“I think the energy and excitement is still up. And again, they’ve got six more days now to hear from all the candidates directly,” Kennedy said.
And as campaigning heats up in the state, the NHDP feels confident about their turn in the spotlight in the wake of Iowa’s struggles.
“This is our hundredth anniversary of the New Hampshire primary, and so we have had a process in place for years with our voting systems that we have absolute confidence in,” said Amy Kennedy, executive director of the New Hampshire Democratic Party. “There’s no reason to doubt their ability to do this properly. And we also have measures like paper ballots and additional counts, recounts that have to happen if there’s any question.”
And after a chaotic end to the Iowa caucuses, some in the Granite State would like everyone to remember the popular saying, “Iowa picks corn, New Hampshire picks presidents.”
“New Hampshire voters do pick presidents and we think that with the time and the focus that New Hampshire gets for the primary, it’s a good place for a candidate to really shine and then decide how they want to run their campaign,” Kennedy said.
The Iowa and New Hampshire nominating contests have faced criticism for going first in the primary season because both states are majority white and and aren’t representative of the Democratic Party. After Monday’s reporting issues after the Iowa caucuses, those criticisms renewed.
But Kennedy, and NHDP communications director Holly Shulman said that their state’s contest is evened out by Nevada and South Carolina going third and fourth.
“We’re really excited by the inclusion of South Carolina, and about it into the early state combination here. We’re proud to have them as our sister early states, and with them we believe that this is representative of our Democratic Party as a whole,” Kennedy said.
Shulman added, “The polling of all the candidates here has been really closely tracking what’s happening in South Carolina and Nevada,” so the results aren’t “that different.”
While energy is up in New Hampshire, voters’ minds aren’t made up. And according to Shulman, candidates would do well to remember that to voters “everyone is someone else’s second choice.”
“[Voters] have lots of choices and they love all of them, and that’s why they’re waiting so long to make their decisions,” Shulman said. “The candidates know that, and they understand that the only way to win over voters is to make sure that they’re focused on the general election, and on their message and on on their policies.”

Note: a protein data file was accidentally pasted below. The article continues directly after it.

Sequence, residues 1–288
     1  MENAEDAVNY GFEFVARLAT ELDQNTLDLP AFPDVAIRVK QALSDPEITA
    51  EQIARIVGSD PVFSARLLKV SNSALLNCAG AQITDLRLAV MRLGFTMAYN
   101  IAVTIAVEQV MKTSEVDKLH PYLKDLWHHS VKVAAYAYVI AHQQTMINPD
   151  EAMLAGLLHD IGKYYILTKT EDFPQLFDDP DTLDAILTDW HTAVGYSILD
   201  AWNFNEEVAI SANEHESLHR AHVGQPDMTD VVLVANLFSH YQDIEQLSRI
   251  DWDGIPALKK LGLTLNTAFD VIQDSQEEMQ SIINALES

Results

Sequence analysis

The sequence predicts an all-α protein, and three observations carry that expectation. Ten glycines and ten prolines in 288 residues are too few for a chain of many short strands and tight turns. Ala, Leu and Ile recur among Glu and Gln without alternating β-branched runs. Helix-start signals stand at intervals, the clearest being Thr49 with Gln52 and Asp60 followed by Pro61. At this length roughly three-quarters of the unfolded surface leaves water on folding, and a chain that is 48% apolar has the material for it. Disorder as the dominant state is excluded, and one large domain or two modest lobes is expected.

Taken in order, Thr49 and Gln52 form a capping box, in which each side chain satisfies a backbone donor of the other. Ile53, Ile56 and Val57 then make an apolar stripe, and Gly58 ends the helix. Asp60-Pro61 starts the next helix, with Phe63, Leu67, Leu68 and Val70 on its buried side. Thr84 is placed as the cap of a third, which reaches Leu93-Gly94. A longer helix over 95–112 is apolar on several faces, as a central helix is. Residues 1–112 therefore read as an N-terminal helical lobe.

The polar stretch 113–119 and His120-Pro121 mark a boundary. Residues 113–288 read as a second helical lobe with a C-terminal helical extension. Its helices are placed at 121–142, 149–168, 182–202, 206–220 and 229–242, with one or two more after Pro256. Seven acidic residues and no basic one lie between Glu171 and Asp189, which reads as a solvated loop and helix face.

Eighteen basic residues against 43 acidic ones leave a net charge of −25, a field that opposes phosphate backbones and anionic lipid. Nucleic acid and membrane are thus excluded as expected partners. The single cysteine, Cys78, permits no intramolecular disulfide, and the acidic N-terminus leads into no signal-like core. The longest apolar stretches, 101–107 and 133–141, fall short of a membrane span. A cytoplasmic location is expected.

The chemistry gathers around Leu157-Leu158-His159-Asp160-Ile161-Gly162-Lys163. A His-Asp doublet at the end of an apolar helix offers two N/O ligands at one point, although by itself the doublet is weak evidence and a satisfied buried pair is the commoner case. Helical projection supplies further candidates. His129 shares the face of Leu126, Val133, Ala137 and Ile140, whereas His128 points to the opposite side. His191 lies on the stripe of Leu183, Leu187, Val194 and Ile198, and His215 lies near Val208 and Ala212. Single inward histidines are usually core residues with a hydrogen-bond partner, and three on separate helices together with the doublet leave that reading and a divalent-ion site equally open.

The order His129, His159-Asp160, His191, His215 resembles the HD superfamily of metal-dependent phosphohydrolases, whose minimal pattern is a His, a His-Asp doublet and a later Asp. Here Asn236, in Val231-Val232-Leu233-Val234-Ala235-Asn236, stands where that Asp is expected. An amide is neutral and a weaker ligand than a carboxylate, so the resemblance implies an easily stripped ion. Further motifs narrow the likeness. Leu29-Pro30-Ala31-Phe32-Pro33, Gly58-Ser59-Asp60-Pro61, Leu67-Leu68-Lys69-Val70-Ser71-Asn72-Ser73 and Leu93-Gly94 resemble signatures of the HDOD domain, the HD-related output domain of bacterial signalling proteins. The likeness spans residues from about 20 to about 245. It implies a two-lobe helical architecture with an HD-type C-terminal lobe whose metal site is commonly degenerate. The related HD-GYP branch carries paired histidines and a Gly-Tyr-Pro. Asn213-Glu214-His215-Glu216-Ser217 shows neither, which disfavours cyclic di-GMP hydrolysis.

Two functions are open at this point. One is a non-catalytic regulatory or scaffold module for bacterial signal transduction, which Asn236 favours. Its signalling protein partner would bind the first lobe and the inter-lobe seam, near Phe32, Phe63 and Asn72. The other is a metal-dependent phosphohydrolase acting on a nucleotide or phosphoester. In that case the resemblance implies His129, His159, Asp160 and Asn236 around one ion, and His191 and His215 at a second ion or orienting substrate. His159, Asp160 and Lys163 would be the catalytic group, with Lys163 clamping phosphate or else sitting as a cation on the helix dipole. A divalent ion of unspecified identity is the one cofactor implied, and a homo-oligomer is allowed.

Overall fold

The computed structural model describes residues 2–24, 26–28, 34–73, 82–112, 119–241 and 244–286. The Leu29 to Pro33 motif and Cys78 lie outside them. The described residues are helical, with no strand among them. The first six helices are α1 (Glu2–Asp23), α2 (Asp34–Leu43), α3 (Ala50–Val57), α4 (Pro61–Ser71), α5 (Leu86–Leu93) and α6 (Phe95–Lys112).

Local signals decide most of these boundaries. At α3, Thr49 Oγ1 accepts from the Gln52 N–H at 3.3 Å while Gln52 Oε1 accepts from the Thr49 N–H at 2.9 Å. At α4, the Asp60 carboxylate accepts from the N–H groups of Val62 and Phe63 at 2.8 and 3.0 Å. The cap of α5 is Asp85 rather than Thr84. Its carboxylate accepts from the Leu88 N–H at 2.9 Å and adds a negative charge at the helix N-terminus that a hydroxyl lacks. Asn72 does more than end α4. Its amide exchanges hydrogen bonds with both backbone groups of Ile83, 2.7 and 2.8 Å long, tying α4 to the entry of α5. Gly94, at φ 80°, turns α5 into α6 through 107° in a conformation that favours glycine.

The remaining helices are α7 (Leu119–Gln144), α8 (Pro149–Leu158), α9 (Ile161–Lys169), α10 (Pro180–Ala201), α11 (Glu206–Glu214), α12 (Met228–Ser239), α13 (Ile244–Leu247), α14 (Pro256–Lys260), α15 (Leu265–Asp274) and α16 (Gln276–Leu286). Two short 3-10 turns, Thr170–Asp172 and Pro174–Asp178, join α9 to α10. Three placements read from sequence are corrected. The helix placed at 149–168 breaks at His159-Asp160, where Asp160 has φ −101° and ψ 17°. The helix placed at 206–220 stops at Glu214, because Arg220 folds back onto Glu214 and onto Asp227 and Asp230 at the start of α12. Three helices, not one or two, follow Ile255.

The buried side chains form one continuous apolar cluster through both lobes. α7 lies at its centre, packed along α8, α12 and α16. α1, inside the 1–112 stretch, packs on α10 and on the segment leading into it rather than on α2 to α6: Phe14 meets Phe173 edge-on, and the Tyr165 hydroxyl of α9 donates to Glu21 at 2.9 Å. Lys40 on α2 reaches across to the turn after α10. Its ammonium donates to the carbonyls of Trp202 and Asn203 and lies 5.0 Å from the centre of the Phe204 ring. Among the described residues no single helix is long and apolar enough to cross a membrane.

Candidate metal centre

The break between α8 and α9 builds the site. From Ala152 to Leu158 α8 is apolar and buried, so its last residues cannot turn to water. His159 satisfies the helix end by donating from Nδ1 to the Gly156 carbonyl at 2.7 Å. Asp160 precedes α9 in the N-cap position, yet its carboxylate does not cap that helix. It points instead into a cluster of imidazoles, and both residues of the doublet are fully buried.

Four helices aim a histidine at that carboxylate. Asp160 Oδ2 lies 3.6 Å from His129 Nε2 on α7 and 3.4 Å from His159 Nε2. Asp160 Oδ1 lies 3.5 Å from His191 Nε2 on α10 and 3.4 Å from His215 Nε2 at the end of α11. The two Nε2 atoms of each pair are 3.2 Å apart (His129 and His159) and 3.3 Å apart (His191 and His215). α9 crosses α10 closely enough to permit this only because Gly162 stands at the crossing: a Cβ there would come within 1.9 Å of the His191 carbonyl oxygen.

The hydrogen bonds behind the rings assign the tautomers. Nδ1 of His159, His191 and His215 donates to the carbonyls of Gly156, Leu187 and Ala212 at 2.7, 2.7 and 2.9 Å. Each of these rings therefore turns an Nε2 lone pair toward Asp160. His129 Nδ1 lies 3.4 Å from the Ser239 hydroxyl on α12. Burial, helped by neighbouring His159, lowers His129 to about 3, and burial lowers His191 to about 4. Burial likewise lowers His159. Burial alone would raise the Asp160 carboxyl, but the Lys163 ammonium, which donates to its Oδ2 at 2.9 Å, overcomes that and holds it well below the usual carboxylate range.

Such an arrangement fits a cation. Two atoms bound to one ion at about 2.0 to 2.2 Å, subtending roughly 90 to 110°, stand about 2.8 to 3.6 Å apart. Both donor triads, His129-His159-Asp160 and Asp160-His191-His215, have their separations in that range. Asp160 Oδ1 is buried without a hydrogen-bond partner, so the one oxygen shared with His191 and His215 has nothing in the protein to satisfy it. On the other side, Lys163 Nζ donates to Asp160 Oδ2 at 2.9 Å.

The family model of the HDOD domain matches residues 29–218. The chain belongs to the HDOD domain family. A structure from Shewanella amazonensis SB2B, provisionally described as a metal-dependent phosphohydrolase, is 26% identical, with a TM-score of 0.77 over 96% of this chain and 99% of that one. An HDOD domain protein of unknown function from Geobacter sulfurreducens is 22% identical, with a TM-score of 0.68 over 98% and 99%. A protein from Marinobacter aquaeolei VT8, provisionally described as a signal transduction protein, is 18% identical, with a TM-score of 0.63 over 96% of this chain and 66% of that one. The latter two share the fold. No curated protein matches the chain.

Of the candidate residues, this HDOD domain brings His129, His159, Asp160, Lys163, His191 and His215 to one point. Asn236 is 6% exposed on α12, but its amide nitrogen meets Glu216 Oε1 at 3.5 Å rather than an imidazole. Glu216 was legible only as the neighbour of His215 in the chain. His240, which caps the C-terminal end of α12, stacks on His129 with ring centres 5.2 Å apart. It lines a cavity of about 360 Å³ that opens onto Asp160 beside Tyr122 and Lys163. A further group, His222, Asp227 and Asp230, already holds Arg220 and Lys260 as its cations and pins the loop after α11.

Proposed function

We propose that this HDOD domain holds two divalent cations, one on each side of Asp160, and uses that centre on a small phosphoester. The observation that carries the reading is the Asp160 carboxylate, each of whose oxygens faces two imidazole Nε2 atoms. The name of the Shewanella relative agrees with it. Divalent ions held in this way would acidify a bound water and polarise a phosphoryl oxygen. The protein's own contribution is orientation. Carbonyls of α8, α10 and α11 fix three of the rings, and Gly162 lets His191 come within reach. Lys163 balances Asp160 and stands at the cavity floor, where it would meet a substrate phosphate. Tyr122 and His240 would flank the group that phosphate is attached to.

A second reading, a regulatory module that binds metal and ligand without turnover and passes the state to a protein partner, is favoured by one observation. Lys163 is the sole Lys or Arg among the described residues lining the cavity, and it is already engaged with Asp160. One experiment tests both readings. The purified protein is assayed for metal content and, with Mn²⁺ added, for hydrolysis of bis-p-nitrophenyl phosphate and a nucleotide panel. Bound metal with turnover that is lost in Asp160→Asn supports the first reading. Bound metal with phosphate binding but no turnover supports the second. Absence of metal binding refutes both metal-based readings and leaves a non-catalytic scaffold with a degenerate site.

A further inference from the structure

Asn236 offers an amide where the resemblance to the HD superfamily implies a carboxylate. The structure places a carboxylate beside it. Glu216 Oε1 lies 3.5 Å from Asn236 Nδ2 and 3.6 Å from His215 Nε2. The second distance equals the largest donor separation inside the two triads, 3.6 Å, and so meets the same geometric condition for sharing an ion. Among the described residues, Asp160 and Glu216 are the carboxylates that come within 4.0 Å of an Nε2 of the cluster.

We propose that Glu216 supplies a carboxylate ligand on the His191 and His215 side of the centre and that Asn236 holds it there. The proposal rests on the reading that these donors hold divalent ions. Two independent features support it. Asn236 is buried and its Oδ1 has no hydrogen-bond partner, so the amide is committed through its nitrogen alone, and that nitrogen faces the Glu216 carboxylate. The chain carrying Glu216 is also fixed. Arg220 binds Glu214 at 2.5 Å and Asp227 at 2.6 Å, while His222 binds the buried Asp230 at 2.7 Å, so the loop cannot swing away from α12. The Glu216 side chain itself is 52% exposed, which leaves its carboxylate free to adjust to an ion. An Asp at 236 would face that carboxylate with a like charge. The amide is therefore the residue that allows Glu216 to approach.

2d ago / 6:35 PM UTC
RGA hits Michigan governor ahead of SOTU rebuttal
WASHINGTON — The Republican Governors Association launched a digital ad campaign Tuesday targeting Michigan Governor Gretchen Whitmer, who will deliver the Democratic Party’s response to President Donald Trump’s State of the Union address tonight.
According to a statement from the RGA released Tuesday, the initiative will call attention to Whitmer’s “broken promises and tanking approval rating.”
The ads are set to air on Facebook and Instagram around the Michigan State Capitol and in the Lansing area — where Whitmer will rebut Trump from a local high school.
One of the ads, titled “Broken Roads, Broken Promises,” includes media coverage accusing Whitmer of failing to fulfill her primary campaign promise best captured by the slogan: “Fix the damn roads.”
About one-minute long, the ad highlights the Michigan Governor’s decision to veto infrastructure funding for Michigan totaling hundreds of millions of dollars. It also features unflattering polling depicting her approval rating on the decline.
Whitmer has said she vetoed that funding because it was only a short-term fix and that she’s focused on achieving a “a real, long-term funding solution that will actually fix the damn roads. “
President Trump even makes an appearance, criticizing Whitmer at a rally in her home state in December.
“I understand she’s not fixing those potholes,” the president says on screen.
When Senate Minority Leader Chuck Schumer, D-NY, announced the Democrats’ selection of Whitmer to represent the party following the State of the Union, he boasted about her action on issues that the RGA scrutinizes in its ads.